Prostate cancer is currently the second leading cause of cancer death in American men. Diagnosis of the disease is based on persisting elevated prostate-specific antigen (PSA) levels and suspicious lesion felt on digital rectal examination (DRE), prompting transrectal ultrasound (TRUS) imaging guided biopsy. This method, however, has long been criticized for its poor sensitivity in detecting cancerous lesions, leading to the fact that these biopsies generally are not targeted but systematic multi-core in nature that try to sample the entire gland. The thesis presents a new modality that, in combination of ultrasound (US) imaging with multi-wavelength photoacoustic (PA) imaging, improves the physician’s ability to locate the suspicious cancerous regions during biopsy.
Here, building further on the innovation of an acoustic lens based focusing technology for fast PA imaging, a novel concept with the use of a polyvinylidene fluoride (PVDF) film that incorporates US imaging into our existing PA imaging probe is presented. The method takes advantage of the lens based PA signal focusing technology, while simultaneously incorporates US imaging modality without interfering with the current PA imaging system design and structure. Simulation and experimental support on tissue equivalent phantoms is provided in detail. The thesis also elaborates on the signal-to-noise ratio (SNR) improvement of the US imaging component by driving the film with frequency modulated (FM) signals. In addition, a custom-designed US simulation software that is developed to explore and evaluate various system design options is discussed. The dual modality transrectal probe is only intended as a first step. The long term goal of the study is to facilitate locating the cancer region in-vivo with PA imaging, transfer it to co-registered US image, and use the real-time US imaging for needle guidance during biopsy.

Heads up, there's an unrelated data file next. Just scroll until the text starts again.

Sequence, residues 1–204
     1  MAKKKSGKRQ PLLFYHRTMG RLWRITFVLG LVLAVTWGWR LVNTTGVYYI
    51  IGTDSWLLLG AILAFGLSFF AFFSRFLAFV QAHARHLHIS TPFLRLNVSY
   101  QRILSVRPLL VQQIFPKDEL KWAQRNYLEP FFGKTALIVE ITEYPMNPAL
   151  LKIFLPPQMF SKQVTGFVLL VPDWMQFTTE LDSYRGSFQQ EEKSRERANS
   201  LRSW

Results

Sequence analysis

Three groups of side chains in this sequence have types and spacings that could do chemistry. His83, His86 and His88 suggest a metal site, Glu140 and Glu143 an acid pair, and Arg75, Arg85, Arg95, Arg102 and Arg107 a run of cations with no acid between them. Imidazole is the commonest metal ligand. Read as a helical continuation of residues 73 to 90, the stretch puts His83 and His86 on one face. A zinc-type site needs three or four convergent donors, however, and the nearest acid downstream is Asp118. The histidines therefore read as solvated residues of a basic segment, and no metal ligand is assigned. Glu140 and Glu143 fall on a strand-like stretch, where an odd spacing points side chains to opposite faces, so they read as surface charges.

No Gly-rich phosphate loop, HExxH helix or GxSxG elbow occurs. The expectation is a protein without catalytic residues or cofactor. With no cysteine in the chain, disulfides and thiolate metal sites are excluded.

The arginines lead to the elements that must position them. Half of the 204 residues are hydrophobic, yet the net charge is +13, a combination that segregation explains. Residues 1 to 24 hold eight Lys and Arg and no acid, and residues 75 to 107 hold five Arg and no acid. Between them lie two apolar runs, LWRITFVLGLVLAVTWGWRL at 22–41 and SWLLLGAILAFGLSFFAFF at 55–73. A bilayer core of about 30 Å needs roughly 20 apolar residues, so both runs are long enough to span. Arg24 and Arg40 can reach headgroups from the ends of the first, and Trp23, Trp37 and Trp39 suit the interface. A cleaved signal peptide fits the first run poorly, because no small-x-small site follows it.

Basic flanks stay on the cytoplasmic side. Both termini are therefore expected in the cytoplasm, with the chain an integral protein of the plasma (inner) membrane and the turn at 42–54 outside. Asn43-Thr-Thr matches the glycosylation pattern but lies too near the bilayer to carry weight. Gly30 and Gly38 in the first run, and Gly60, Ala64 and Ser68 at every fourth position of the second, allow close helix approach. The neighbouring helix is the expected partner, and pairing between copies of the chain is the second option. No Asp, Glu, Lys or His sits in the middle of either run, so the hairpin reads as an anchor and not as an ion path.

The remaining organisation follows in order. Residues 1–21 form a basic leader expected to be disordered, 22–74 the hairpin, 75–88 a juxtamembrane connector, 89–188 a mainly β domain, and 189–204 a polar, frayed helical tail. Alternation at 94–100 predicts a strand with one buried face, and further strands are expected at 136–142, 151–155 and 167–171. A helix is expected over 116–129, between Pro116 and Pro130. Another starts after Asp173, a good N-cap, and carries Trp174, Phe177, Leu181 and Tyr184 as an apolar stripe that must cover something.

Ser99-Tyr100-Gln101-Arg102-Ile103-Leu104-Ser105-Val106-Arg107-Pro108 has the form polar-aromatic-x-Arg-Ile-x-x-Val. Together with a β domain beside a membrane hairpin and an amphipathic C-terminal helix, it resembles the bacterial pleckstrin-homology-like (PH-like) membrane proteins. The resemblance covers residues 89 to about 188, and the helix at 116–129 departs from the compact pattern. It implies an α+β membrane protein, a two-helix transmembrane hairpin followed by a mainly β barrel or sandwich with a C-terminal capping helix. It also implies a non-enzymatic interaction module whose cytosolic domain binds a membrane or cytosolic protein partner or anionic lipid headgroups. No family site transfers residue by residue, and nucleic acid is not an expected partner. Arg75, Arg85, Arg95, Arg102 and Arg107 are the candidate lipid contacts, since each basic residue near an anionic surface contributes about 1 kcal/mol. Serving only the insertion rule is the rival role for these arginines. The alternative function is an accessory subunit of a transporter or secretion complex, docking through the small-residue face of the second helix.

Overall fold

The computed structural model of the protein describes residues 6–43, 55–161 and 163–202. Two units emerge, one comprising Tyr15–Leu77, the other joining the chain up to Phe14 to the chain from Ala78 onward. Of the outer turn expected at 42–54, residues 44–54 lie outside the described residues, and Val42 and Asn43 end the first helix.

Imaging Science (Ph.D.)
Department, Program, or Center
Chester F. Carlson Center for Imaging Science (COS)
Han, Zichao, "The Design and Realization of a Dual Mode Photoacoustic and Ultrasound Imaging Camera" (2018). Thesis. Rochester Institute of Technology. Accessed from
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